Television producer David Wolper will sell nine modern artworks from his collection at Christie's New York. Four pieces by Pablo Picasso, two by Joan Miro and one by Jacques Lipchitz will go up for auction on May 1, 15 and 16. Two other works, a Picasso metal cutout and a Lipchitz bronze will be sold in October. The auction house has estimated the total sale price at $4.4 million to $6.3 million.
"I was a little stunned when I found out the value," said Wolper, who bought the works in the '70s and early '80s at undisclosed prices. "I have been reading about the rising art market in the newspapers, but I hadn't really related that to my own collection," he said.
The most valuable piece in the upcoming sales is a 1971 Picasso painting, "Femme a Chapeau Assise," estimated at $2.5 million to $3.5 million. Picasso's 1962 painted metal cutout, "Jacqueline With a Green Ribbon," is valued at $1 million to $1.5 million. The other Picassos to be auctioned are a linocut, "Bust of a Woman in a Hat" ($220,000 to $260,000); a painted earthenware piece, "Big Bird" ($40,000 to $50,000), and a metal cutout, "Grande Forme Visage de Femme" ($30,000 to $40,000).
Lipchitz's 55 1/2-inch-tall bronze "Mother and Child" is valued at $400,000 to $600,000, while his 4-inch-tall interpretation of the same theme is expected to bring between $10,000 and $15,000. Christie's has estimated Miro's painted bronze "Personage" at $150,000 to $200,000 and his ceramic "Tete" at $60,000 to $80,000.
Wolper said he has never bought art as a speculative venture, and he is still an active collector. He probably will use the proceeds of the auctions to buy more art, he said.
"I don't fall in love with inanimate objects. I don't bond with them. I only fall in love with people," Wolper said, noting that the upcoming sales are "part of an ongoing process of buying and selling."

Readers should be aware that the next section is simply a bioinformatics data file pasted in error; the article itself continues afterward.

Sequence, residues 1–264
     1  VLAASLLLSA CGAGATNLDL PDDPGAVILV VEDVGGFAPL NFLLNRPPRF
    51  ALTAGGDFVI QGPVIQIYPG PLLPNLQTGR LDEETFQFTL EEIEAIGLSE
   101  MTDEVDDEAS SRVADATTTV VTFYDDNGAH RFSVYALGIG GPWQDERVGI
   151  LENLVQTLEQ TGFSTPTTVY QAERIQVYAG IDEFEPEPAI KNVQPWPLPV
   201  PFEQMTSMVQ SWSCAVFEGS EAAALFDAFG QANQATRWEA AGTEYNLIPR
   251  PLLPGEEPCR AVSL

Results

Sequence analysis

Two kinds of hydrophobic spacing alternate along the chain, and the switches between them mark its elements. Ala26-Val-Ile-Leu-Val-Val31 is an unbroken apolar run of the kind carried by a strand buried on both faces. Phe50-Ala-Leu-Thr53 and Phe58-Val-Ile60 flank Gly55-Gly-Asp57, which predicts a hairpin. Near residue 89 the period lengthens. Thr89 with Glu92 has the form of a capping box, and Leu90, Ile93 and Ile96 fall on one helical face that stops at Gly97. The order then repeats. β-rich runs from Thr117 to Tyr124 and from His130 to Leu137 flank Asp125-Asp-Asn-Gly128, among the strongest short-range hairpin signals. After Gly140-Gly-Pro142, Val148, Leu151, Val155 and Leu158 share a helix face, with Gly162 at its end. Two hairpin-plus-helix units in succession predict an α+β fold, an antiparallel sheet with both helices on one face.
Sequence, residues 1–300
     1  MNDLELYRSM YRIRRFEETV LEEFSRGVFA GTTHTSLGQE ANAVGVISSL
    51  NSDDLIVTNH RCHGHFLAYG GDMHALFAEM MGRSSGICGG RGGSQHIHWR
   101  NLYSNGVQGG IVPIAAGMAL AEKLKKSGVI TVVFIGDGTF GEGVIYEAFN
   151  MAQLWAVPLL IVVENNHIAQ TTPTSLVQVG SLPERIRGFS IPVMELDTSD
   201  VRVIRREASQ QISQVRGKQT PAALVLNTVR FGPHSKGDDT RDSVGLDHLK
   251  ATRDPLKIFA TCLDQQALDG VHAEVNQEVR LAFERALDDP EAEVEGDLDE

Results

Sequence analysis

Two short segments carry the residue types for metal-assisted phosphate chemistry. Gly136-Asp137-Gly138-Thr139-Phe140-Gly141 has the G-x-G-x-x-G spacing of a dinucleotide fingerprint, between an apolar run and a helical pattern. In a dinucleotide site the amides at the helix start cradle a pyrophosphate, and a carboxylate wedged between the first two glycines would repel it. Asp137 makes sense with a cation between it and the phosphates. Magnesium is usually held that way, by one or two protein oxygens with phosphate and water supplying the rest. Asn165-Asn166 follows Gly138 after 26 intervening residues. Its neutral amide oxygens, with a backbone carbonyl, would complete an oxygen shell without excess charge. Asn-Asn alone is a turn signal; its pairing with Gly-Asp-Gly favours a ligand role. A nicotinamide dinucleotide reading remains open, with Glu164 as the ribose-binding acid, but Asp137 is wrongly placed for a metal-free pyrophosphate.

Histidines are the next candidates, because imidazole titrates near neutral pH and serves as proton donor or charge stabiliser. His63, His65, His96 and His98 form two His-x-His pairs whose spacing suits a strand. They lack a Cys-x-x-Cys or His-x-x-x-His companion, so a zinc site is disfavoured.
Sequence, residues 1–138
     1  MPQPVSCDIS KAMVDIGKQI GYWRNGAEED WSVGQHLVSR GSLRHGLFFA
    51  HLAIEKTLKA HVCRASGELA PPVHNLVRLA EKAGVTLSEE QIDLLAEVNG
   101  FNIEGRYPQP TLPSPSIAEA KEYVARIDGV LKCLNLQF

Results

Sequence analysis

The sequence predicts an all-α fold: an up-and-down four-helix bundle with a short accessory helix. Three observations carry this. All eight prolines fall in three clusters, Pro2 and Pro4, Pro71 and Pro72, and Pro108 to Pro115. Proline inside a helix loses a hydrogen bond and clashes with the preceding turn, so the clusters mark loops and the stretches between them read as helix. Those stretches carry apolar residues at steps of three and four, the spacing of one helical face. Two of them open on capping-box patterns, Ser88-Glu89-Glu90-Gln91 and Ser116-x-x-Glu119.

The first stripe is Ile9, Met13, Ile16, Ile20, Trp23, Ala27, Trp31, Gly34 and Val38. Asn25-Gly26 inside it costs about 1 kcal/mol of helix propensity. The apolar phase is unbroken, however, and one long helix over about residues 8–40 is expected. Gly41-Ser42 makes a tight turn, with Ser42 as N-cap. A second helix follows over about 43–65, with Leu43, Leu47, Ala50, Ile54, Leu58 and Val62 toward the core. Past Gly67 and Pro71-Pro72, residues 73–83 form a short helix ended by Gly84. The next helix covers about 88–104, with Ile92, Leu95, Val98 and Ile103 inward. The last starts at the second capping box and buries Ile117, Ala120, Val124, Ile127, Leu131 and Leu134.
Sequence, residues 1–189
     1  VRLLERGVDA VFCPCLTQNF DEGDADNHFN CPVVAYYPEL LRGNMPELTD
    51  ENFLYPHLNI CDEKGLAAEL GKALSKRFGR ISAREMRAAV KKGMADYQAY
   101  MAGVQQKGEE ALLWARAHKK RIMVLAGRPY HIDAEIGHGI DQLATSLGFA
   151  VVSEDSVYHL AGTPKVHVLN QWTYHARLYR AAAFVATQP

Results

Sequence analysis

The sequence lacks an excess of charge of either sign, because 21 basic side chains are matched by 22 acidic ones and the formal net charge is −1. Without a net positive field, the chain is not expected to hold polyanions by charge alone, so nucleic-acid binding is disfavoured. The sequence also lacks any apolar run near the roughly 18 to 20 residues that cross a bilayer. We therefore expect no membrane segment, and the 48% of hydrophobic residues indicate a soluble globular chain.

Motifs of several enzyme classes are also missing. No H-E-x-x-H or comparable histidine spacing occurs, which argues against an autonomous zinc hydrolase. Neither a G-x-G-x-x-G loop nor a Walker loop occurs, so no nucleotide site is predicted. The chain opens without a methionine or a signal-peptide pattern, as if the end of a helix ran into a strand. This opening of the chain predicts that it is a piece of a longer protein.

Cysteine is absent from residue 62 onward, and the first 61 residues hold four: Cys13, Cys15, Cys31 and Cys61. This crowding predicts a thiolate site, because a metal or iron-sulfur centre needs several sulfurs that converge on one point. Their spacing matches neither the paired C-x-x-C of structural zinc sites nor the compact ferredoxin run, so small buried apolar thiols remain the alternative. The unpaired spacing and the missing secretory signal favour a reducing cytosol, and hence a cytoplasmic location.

He has sold a dozen Picassos from his collection during the past year or so, and he recently bought a sculpture by Aristide Maillol. While he has kept a Henry Moore sculpture for many years, other pieces have only stayed in his collection for a few years, he said.
Wolper is a trustee of the Los Angeles County Museum of Art and has donated large sculptures by Alberto Giacometti and Picasso to the museum. He began collecting in his youth, but for many years he concentrated on documents containing rare autographs.
He credits his shift to fine art in the early '60s to a visit to the Fondation Maeght in St. Paul de Vence, France. While other people were looking at art, Wolper admired artists' signatures on a group of lithographs. "I bought 50 of them at $100 apiece and sent some of them to friends as Christmas gifts," he said. Now those lithographs are worth up to $25,000 apiece.
Wolper soon became more interested in artistic images than names, and he eventually developed a preference for sculpture. "I once sat by a psychiatrist at a dinner party who said I probably like sculpture better than painting because I can't touch what I make. I don't know if he's right, but I do like the feel of sculpture," Wolper said.